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Published: Saturday, 4/19/2008

Cavs, Wizards trade trash talk

ASSOCIATED PRESS

CLEVELAND - Maybe the NBA should get Jerry Springer and Dr. Phil to referee the Cavaliers-Wizards series.

With all the long-distance name calling and trash talking going on, who better than those two TV arbiters of peace and harmony to officiate the first round of the playoffs?

Weeks of back-and-forth yapping, some of it very personal, between Cleveland star LeBron James and Washington guard DeShawn Stevenson - mixed in with some pointed blogging by Gilbert Arenas - has given this best-of-seven series a serious buzz.

But as Cavaliers forward Joe Smith warned, the war of words is over.

"Once you cross those lines," he said yesterday, "your mouth can't get you out of trouble."

There is history here, and maybe even hatred between the teams. This is the third straight year that the Cavs and Wizards have met in the postseason, and Act III, which begins with Game 1 today at raucous Quicken Loans Arena, promises to be their most dramatic matchup yet.

Heck, Soulja Boy might even show up.

OK, a quick rewind of the recent inflammatory past. After James missed a potential game-winning 3-pointer in the final seconds in a loss at Washington on March 13, Stevenson, who was in James' face the whole night, called the all-star forward "overrated."

Not long after, James discounted Stevenson's comments, saying that dignifying them would be like rap mogul Jay-Z worrying about something muttered by Soulja Boy, one of hip hop's one-hit wonders. Then, it was Arenas' turn to sound off.

Agent Zero, still working his way back after missing the majority of the season following knee surgery, ripped the Cavs in a blog entry.

"I think everybody wants Cleveland in that first round," Arenas wrote. "We want Cleveland for our own reasons; we don't think they can beat us in the playoffs three years straight."

James dismissed Arenas' remarks, knowing that they were coming from a close friend who has a flair for the dramatic. But James, who won this season's scoring title, isn't sure what to make of what Stevenson said or why he seemed so vindictive.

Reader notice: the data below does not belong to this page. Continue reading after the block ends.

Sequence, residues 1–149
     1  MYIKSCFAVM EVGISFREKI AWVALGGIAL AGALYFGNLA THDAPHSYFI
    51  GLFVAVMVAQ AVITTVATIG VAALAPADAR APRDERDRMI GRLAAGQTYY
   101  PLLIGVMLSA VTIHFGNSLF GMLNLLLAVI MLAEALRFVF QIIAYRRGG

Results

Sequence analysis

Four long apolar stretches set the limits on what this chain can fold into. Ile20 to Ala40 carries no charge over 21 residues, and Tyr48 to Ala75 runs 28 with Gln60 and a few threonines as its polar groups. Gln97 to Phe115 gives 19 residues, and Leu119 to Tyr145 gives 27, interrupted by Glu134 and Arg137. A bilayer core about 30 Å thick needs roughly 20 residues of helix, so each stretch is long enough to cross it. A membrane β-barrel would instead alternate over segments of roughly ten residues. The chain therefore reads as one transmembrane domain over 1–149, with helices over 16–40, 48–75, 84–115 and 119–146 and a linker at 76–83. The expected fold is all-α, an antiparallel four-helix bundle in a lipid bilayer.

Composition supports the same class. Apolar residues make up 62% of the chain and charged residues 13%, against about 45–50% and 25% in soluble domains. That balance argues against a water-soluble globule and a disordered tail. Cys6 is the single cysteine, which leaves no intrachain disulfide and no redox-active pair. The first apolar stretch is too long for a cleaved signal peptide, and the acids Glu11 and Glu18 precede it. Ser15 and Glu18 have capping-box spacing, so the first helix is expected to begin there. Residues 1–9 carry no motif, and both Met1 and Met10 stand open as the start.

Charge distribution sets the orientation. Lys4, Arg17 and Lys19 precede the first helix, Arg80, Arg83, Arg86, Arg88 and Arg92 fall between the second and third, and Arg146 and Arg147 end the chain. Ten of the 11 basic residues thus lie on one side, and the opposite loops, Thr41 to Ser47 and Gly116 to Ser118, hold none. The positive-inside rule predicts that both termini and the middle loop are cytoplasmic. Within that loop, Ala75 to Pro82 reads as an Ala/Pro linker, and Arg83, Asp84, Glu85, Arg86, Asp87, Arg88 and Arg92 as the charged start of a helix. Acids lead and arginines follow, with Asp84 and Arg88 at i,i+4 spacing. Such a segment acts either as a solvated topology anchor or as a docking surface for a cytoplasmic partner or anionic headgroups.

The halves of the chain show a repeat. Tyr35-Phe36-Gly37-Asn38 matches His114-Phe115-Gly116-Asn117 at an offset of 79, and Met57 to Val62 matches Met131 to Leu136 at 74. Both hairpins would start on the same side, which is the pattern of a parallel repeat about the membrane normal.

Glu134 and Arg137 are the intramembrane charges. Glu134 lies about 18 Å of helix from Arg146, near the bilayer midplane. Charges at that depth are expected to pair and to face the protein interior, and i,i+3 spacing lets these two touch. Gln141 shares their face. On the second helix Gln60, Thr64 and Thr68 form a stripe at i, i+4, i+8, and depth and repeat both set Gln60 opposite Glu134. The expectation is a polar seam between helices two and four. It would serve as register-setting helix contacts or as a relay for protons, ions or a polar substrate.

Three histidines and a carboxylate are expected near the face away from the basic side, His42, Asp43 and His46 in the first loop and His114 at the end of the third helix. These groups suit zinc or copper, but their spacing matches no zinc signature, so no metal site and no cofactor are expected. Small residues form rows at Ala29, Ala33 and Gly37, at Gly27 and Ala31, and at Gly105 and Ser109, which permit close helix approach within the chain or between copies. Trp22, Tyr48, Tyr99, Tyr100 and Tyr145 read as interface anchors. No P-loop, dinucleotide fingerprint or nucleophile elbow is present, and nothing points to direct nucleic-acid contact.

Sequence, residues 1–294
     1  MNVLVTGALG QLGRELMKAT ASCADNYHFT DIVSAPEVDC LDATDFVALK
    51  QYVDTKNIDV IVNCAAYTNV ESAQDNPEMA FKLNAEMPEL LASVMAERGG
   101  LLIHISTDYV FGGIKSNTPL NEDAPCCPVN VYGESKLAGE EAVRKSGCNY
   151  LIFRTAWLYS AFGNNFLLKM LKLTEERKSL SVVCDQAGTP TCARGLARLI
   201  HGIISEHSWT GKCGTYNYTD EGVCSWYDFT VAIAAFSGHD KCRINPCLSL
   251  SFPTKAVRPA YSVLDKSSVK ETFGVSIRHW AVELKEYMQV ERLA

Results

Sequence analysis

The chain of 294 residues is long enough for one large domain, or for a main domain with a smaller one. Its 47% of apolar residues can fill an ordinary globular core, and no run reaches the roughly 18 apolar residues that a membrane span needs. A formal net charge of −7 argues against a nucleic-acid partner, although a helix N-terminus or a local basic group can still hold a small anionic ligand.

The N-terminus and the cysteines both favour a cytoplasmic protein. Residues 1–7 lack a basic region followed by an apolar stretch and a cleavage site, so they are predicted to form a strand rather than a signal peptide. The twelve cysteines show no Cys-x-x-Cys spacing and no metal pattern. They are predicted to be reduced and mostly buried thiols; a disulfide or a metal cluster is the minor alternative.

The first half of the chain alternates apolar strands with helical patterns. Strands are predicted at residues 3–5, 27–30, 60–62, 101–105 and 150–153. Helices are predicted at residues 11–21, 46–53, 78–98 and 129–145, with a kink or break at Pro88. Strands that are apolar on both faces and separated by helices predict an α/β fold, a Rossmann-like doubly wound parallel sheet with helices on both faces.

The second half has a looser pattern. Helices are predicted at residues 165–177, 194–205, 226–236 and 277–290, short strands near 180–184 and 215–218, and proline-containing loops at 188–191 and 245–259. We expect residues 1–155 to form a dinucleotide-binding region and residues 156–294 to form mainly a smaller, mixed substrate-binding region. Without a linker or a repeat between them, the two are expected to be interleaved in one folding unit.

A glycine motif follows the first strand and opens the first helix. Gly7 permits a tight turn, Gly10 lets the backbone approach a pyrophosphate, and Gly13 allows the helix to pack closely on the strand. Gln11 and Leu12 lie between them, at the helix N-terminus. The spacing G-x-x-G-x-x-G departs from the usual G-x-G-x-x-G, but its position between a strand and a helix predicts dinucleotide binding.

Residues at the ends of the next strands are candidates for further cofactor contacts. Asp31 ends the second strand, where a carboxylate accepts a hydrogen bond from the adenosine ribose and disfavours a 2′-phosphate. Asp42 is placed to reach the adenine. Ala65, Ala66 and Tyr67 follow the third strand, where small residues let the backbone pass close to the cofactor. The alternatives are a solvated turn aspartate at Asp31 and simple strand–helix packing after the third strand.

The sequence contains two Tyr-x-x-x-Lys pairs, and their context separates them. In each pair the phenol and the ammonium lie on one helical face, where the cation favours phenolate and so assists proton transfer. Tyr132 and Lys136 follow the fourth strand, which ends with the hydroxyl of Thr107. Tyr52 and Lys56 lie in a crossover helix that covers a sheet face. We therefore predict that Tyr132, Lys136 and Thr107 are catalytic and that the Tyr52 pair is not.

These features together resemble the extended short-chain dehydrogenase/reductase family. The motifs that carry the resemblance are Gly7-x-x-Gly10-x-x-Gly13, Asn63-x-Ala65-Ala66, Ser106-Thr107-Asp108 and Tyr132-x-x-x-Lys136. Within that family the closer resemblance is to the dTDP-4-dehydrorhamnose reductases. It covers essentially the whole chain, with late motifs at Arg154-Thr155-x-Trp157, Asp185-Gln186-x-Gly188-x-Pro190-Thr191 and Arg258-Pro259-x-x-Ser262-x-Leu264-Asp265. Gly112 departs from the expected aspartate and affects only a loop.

"I never said anything personal about him or anything about his family that would tick somebody off like that," James said. "I don't know what was said to him. I have never said anything personal about anybody. I don't know what people go through outside the game. If I said something about his basketball game? Then maybe. But about him personally? I don't go that far."

Stevenson may have been trying to motivate himself or his teammates, who have been eliminated by the Cavaliers the past two years. But he may have also energized James, who hasn't practiced in two weeks because of a tight back.

Either way, Stevenson has made himself a marked man.

"Hopefully I am," said Stevenson, who has invited Soulja Boy to attend games in Washington. "I should be. We've got to win the series. I feel that it's our time and somebody has to step up."

Stevenson will draw the defensive assignment on James, who averaged 27.8 points, 8.5 rebounds and 7.5 assists against Washington in last year's playoffs. He was asked what it will take to get him ready for this year's meeting.

"Just put on highlights of LeBron," he said.

Two years ago, the Cavaliers beat the Wizards in six games, but three of Cleveland's victories were by one point and the final two were decided in overtime. Game 6 ended with Arenas missing two free throws after James whispered into his ear at the line.

Last year, Cleveland swept Washington four straight on its way to the finals, but the Wizards were without Arenas and All-Star Caron Butler.

The Wizards are convinced round three will be their charm.

"We've got all our players, we feel comfortable, we're playing good with each other now," Butler said. "Our back is not against the wall, it's theirs."

And speaking of backs, James has been resting his as much as possible to get ready for his third postseason. He sat out Cleveland's regular-season finale against Detroit, a team he hopes to see again in the weeks ahead. He's not about to let some spasms end his season.

"Right now, it's [his back] not 100 percent. But we're in April. We've got two months left and we're trying to get all the way to June and try to win an NBA championship," he said. "I'm probably not going to have to sit out any games, so that's a good thing. It's not 100 percent, but I'll be fine."

The Cavaliers haven't been able to make that claim all season.

The reigning Eastern Conference champions have been in almost perpetual transition since November. They've battled injuries and chemistry issues for months. Coach Mike Brown has struggled to find the right rotation since acquiring Smith, Ben Wallace, Wally Szczerbiak and Delonte West in a Feb. 21 trade.

Cleveland has been only slightly better than a .500 team since the deal, making them seem vulnerable to a first-round ouster - something Arenas has already pointed out.

James was encouraged by a 91-90 win in Philadelphia on Monday, when the Cavs locked up the No. 4 seed and home-court advantage in the first round. Entering his third postseason, James has experience to draw from, and he knows better than to start throwing jabs at Washington.

He's confident. The Cavaliers may not be a sexy postseason pick, but their leader feels good about their chances.

"As long as I'm on the court, we'll be all right," James said. "I mean that."



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